Declarant ousts board using majority ownership.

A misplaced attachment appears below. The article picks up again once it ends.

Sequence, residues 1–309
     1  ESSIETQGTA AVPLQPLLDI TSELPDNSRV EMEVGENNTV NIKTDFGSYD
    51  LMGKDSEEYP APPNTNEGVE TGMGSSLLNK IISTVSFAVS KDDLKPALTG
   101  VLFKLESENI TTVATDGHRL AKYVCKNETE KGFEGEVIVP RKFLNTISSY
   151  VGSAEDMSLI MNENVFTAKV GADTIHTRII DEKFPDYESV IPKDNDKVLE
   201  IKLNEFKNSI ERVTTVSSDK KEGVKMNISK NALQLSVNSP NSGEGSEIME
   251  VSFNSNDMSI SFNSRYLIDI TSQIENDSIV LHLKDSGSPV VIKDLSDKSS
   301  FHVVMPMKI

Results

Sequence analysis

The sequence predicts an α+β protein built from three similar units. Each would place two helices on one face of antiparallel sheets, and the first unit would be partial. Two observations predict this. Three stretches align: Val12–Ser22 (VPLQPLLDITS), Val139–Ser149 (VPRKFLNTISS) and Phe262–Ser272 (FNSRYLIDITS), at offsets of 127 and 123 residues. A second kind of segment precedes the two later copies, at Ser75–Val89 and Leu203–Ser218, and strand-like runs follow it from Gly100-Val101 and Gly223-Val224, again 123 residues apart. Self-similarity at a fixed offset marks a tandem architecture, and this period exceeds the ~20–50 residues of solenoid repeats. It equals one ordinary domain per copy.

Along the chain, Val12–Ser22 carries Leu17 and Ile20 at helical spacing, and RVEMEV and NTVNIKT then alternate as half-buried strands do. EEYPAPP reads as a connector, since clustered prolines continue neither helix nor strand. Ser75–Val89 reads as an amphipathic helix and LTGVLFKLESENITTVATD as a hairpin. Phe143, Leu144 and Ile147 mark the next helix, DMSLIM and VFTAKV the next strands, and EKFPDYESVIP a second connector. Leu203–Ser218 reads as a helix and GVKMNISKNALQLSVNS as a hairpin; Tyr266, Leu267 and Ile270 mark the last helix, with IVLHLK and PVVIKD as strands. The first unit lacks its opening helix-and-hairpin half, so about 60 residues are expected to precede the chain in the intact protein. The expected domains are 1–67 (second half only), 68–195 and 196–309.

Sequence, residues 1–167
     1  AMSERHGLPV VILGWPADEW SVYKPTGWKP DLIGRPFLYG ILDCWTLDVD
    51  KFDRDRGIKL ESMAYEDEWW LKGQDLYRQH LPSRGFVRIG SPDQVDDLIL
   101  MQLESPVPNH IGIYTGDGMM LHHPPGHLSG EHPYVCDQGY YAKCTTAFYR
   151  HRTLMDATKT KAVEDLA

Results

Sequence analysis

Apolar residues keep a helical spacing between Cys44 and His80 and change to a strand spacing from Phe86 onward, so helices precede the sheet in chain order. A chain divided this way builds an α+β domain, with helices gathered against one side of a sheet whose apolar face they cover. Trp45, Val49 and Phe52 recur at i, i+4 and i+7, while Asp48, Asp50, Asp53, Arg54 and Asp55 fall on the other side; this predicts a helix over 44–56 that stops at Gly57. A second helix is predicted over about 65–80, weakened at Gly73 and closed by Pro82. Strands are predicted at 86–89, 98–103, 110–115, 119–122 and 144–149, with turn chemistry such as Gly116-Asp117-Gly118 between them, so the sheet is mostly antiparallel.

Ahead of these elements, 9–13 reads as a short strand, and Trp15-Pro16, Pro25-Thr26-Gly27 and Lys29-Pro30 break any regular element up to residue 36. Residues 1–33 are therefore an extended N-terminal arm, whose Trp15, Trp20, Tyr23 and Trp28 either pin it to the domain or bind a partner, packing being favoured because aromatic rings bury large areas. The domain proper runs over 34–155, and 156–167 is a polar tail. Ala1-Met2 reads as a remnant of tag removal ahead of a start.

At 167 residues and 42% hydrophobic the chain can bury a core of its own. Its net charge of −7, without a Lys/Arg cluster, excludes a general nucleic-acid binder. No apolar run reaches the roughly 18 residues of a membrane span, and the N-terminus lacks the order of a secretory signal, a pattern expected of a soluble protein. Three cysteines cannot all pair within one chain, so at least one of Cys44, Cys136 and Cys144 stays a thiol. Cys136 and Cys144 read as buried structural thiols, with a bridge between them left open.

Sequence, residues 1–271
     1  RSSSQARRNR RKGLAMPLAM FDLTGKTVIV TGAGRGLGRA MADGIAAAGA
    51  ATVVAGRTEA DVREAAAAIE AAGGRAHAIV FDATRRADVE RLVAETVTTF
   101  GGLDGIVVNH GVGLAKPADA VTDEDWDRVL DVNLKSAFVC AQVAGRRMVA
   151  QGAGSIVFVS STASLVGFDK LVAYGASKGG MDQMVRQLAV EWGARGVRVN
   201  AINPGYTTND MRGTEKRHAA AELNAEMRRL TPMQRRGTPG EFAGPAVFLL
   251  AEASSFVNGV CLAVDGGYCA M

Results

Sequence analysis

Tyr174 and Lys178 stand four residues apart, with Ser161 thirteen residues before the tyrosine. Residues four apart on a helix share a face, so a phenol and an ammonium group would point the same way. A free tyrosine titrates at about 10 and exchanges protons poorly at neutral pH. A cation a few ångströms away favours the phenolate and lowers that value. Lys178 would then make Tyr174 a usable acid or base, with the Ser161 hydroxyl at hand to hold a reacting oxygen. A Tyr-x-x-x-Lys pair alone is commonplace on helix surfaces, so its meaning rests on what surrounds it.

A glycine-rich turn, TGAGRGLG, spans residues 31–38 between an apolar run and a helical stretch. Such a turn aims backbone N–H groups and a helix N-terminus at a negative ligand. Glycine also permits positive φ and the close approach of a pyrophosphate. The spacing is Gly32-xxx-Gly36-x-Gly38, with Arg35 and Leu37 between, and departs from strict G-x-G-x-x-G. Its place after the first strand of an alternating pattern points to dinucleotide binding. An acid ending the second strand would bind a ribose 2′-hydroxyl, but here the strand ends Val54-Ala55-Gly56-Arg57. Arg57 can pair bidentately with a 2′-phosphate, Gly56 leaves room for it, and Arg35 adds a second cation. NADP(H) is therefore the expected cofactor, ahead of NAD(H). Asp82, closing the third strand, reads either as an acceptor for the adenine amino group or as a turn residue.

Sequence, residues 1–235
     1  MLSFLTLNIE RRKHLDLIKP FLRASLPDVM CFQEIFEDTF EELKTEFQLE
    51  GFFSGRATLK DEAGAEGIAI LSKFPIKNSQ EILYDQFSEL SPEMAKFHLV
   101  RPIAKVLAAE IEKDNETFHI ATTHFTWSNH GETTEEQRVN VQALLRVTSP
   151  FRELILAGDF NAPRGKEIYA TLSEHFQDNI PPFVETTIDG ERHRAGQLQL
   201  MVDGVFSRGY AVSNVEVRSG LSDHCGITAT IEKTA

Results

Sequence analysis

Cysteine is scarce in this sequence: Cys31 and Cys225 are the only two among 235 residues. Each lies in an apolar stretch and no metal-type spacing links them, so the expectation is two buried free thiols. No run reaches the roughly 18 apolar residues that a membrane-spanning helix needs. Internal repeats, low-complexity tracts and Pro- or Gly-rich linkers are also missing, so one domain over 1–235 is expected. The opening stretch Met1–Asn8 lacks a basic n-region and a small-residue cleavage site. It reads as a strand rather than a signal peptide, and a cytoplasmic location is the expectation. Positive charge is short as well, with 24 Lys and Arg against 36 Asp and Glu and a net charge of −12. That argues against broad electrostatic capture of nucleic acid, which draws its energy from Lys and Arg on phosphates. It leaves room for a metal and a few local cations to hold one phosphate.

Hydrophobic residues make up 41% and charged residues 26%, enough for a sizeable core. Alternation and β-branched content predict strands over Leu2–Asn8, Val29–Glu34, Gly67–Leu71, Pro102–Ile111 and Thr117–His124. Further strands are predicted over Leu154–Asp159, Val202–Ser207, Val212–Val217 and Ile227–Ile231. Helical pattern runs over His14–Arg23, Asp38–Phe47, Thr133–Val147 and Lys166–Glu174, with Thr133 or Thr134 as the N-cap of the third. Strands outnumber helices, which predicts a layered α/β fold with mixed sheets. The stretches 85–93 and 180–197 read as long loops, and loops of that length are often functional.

The Superior Court of Justice recently heard what appears to be the first reported decision under section 152(6) of the Condominium Act, 1998. Section 152(6) permits a declarant of a phased condominium to request a meeting of owners so it may elect a new board where it owns a majority of the units as a result of the registration of amendments to the declaration and description creating a phase. In Middlesex Standard Condominium Corporation No. 643 v. Prosperity Homes Limited  ONSC 1193 the declarant brought a motion for an order requiring the condominium to call a meeting of owners so it could elect a new board. The condominium refused the declarant's request arguing that the declarant was out of time to make the request as he became the majority owner over 2 years prior and was aware of his right to request the meeting since the beginning. The condominium also claimed it was further oppressive conduct as the declarant admitted that it wanted the meeting so it could elect a new board that would discontinue another action (where the condominium claimed damages from the declarant for construction deficiencies in the amount of $750,000.00). The court found that it was not further oppressive conduct or otherwise limited at law and ordered the condominium to call the meeting.The case is interesting in that it appears to suggest that the declarant's right to call a meeting under section 152(6) of the Act is almost unlimited. As consumer protection legislation it is difficulty to understand how the result in this case is what the Legislature intended when drafting the section. Hopefully it will be revisited as part of the current review process and revised to prevent further injustices from occurring in the future. Although the judge was not deciding the merits of the condominium's application for oppression against the declarant, some of the comments made are note-worthy. The oppression remedy was designed to protect the reasonable expectations of the parties. It was created in response to the problem of majorities disregarding the rights of minorities. This case, in my opinion, is a textbook example of oppressive conduct. You have a majority owner using its voting power to force the minority into a course of action that the minority opposes because, according to its experts, it has a "high probability of failure". The declarant will be able to discontinue the action against it by the condominium, sell its remaining units to oblivious purchasers, and force the remaining owners to bear the costs incurred by the condominium. It is hard to see how this would not satisfy section 135 as conduct that "is or threatens to be oppressive or unfairly prejudicial to the applicant or unfairly disregards the interests of the applicant..." It will be interesting to see how this one unfolds.